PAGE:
VEGA News Item

Look out, there's a Humphrys about! - 18/11/2003
A letter to the Sunday Times in response to John Humphrys' column on dairy cows
Read John Humphrys' column here

As consultees in DEFRA’s round of discussions on a comprehensive animal health and welfare strategy, which John Humphrys applauds for its aim (November 9, 2003), we demur at some of his strictures on DEFRA’s approach to one of the worst exploitations in the live/deadstock trade: the rapine in the dairy industry that yields beef and veal as by-products in the extortion of “production” from short-lived cows kept for months of the year intensively gestating and lactating. DEFRA (and MAFF before it) and the costly BSE Inquiry unequivocally blamed the dairy industry as the source and driver of BSE. The industry is now in trouble over even feeble attempts by DEFRA and the CAP to reduce or redirect the subsidies, premiums, and quotas.

The blame must rest heavily on John Humphrys’ colleagues in the media and thus the ignorance of the public and the cruel indifference of vets and farmers. A couple of months ago a meeting of professionals and animal welfarists at Bristol University’s School of Veterinary Science addressed the question Welfare in Dairy Cattle: Do We Have a Problem? The answer was a resounding yes, taking all systems – including organic, RSPCA Freedom Food, and the Soil Association’s – into consideration.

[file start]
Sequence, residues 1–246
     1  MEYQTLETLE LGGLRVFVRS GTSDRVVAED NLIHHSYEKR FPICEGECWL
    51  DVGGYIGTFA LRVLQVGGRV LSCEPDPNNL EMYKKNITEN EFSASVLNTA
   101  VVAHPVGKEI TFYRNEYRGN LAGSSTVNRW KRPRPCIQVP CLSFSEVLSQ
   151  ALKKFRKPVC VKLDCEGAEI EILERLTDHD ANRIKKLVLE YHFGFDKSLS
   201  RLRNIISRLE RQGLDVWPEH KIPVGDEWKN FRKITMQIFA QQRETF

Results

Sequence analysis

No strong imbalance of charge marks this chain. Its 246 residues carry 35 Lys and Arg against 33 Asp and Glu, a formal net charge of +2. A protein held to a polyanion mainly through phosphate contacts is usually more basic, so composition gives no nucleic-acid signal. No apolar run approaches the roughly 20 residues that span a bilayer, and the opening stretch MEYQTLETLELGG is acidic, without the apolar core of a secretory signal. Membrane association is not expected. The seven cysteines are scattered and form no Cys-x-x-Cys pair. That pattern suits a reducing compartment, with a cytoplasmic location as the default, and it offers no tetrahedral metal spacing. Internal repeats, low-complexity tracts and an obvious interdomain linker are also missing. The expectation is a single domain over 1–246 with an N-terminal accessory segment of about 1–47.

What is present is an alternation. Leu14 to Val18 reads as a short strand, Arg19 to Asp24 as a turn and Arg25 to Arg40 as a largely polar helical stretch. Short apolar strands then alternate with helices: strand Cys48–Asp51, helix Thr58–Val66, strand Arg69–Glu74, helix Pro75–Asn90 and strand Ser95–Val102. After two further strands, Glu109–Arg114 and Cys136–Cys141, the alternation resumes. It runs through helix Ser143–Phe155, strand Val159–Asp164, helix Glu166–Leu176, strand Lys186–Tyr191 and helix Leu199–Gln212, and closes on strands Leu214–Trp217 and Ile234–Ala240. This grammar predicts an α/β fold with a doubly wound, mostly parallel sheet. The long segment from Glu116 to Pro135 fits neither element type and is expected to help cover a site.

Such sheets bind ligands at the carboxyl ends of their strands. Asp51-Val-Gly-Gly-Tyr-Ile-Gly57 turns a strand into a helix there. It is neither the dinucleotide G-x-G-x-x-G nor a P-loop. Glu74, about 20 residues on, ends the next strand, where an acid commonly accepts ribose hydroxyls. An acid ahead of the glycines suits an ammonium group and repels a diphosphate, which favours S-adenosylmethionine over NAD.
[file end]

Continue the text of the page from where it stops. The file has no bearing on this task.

“Dairy products” derived directly from plant sources – which may include Euro-crops, some nitrogen-fixing, organic, and non-GM – are now available widely in the UK. Palatable milks can be made by processing soya beans or peas in gleaming stainless steel vessels, rather than by stuffing them as concentrates into miserable, mucky, and mastitic cows. However, the deliberations on ill-treatment are sustained by copious draughts of the cows’ secretions unrelieved by the availability of the unexceptionable alternatives. At least, the alternatives are now offered at public meetings of the Food Standards Agency and of the government-appointed Farm Animal Welfare Council.

We enjoin John to practise what he preaches. Let vestiges of lactose intolerance prompt merciful gut feelings in the significance of weaning. There’s no need any more for the cow to wet-nurse him. Ask the BBC Canteen to lay in stocks of alternative dairy-frees, John, and impress your interviewees by deed and word. Cow milk is ideal for suckling calves for the months before natural weaning; it’s unnatural and unnecessary for adult cattle or grown-up politicians and commentators.

Good Wishes,

Dr. Alan Long
Hon. Research Advisor  

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